NEW YORK — With an opportunity to close out Florida Atlantic and move on to the Elite Eight, Tennessee gave up a 18-2 run that completely flipped the game and ultimately led to the Vols’ Sweet 16 exit at Madison Square Garden Thursday night.
With its complete identity, Tennessee was one of the best teams in the country. The Vols completely lost their identity in that second half run and now they will go back to Knoxville rather than staying in New York to take on Kansas State.
Here is what happened during that fateful run and No. 4 Tennessee’s 62-55 loss to No. 9 FAU.
FAU used small size to its advantage
Looking to the game earlier this week, Tennessee’s height compared to the Owls seemed like the most obvious advantage. However, FAU’s speedy guards ended up torching the Vols’ on the glass 40-36.
Camping out on the perimeter, FAU’s guards would come crashing into the paint to either grab a rebound or poke the ball free from Tennessee’s hands.
“They were getting downhill,” sophomore guard Jahmai Mashack said. A lot of the guards were out on the perimeter. It’s hard to box out guys when they’re coming full steam ahead to the rim.”
This was especially effective on the offensive glass when the Owls would draw Tennessee’s defenders out to the perimeter and then beat them to the ball after a shot. Their ability to grab offensive rebounds was crucial during that 18-2 run in the second half. It also wore the Vols down so when they did get an offensive possession, they were still recovering from the previous defensive sequence.
“That’s tough when you work so hard on defense and then they get the ball back and get another shot at it,” senior forward Olivier Nkamhoua said. “It’s tough to keep getting those back-to-back stops without getting a chance to go on the offensive end.”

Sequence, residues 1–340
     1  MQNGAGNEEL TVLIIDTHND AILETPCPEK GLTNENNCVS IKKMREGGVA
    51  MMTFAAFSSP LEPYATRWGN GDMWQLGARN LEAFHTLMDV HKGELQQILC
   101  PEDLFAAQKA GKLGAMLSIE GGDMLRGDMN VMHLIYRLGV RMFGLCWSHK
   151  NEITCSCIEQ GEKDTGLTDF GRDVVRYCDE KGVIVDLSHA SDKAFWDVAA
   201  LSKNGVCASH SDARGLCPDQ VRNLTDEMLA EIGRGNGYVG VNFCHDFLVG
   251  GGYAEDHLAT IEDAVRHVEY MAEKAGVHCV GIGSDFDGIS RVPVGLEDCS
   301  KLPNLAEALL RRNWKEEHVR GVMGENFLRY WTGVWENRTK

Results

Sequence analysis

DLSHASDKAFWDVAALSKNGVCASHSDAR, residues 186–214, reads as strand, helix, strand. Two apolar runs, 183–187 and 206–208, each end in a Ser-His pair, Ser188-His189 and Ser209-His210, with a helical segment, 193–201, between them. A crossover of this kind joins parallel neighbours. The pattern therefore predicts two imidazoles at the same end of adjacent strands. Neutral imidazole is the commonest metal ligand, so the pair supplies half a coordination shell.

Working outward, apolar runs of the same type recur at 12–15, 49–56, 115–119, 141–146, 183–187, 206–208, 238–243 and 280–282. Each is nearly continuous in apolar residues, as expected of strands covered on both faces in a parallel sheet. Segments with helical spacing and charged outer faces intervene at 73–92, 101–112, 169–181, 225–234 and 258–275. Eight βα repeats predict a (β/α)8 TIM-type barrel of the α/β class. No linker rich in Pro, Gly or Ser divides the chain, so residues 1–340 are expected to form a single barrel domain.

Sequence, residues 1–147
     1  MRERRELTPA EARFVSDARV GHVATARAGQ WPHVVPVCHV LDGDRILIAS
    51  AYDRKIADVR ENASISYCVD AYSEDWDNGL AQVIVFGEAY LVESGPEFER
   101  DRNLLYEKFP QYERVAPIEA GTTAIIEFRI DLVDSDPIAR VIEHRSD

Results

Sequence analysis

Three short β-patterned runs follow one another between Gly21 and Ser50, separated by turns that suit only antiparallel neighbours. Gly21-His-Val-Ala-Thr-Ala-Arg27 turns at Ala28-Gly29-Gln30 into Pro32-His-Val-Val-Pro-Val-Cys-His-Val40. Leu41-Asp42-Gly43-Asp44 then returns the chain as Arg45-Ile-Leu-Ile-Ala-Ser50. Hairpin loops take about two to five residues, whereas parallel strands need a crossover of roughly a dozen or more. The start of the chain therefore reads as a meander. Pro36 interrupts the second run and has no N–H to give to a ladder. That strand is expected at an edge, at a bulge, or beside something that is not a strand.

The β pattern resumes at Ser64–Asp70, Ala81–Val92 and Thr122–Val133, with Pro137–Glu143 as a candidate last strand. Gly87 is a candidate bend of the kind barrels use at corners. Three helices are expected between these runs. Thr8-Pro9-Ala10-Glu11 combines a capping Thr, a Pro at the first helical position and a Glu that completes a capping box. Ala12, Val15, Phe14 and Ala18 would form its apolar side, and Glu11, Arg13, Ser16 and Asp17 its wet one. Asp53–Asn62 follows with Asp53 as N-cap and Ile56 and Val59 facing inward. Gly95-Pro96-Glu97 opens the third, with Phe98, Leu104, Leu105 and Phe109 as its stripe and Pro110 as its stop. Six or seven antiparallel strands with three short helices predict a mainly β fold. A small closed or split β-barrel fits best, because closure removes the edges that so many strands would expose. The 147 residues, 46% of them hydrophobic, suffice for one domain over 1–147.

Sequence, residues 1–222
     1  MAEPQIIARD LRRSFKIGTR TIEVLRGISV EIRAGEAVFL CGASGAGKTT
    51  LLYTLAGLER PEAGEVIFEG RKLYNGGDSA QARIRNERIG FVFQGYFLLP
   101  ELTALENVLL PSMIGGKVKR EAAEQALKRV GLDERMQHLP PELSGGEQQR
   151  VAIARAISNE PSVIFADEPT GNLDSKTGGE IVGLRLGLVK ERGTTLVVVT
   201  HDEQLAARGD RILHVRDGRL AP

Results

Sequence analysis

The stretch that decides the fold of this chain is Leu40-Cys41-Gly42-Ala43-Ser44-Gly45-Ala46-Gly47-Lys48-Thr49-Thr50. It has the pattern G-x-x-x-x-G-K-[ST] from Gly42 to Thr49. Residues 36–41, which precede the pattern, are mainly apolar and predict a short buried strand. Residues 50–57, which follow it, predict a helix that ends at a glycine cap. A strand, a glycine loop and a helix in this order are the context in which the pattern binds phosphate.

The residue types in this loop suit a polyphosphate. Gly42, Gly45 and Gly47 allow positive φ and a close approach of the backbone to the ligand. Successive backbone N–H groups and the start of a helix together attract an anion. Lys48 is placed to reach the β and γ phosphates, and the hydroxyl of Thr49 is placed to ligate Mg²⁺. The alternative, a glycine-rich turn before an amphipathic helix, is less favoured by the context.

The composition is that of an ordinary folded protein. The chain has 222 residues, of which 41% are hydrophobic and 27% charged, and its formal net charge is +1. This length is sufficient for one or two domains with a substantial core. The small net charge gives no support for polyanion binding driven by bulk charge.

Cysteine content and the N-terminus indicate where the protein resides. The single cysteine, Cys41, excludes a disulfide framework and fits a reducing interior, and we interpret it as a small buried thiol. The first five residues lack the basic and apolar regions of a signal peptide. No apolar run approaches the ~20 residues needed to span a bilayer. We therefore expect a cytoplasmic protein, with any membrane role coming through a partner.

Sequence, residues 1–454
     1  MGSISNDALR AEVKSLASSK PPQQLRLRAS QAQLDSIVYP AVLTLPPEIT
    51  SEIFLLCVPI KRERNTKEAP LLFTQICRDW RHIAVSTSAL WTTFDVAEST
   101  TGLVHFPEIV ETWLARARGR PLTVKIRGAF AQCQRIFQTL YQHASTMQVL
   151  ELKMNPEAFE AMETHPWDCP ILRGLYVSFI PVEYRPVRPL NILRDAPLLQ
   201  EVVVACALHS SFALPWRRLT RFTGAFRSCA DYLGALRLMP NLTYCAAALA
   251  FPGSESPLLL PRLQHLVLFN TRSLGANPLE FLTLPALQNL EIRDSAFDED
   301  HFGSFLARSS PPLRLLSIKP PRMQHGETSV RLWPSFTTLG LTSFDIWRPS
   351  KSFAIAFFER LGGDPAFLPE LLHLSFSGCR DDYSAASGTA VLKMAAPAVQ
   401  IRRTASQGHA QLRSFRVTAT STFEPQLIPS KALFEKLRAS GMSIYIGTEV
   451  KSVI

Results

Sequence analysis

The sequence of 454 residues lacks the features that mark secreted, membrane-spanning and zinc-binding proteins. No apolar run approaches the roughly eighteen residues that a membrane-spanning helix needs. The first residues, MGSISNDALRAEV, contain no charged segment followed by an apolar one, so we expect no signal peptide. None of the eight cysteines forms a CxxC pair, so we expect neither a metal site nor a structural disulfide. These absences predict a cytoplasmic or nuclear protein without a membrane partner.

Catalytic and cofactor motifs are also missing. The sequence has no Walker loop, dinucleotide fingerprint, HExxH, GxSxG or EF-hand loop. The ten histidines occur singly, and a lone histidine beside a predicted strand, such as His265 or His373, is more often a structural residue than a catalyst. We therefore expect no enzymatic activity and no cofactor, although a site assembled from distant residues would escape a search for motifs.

Tennessee couldn’t guard rotations
A fast-paced, ball movement-heavy team itself, Tennessee got a taste of its own medicine against FAU — and the Vols couldn’t guard it.
A quick swing out to the wing, a dish inside, a screen at the top of the key — when FAU forced Tennessee to switch on defense, it led to wide open threes.
“I think defensively we got put into a lot of rotations, just not guarding the ball as well as we’re used to,” freshman forward Julian Phillips said.
The Owls had five threes in the second half, including two during the 18-2 run. Tennessee’s inability to rotate properly was a reason why the Owls’ had so much success on offense.
Tennessee didn’t have the hero it needed
When the Vols were looking put Duke away in the round of 32, they went to Oliver Nkamhoua, who had 23 second-half points.
Tennessee didn’t get its hero on Thursday.
Desperately needing a basket during that 18-2 Owls’ run, the Vols had no answers offensively — just a few missed threes from Santiago Vescovi, Tyreke Key and Josiah-Jordan James. If Tennessee could have gotten that spark, it likely would be preparing for Kansas State in the Elite Eight. Instead, the Vols fell victim of another upset.
Whether it was the high of the Duke game wearing off, or just an off night, Tennessee couldn’t get what it needed on Thursday.
“It’s basketball. It’s anyone’s game,” Nkamhoua said. “If you come out a step slow you might lose.”
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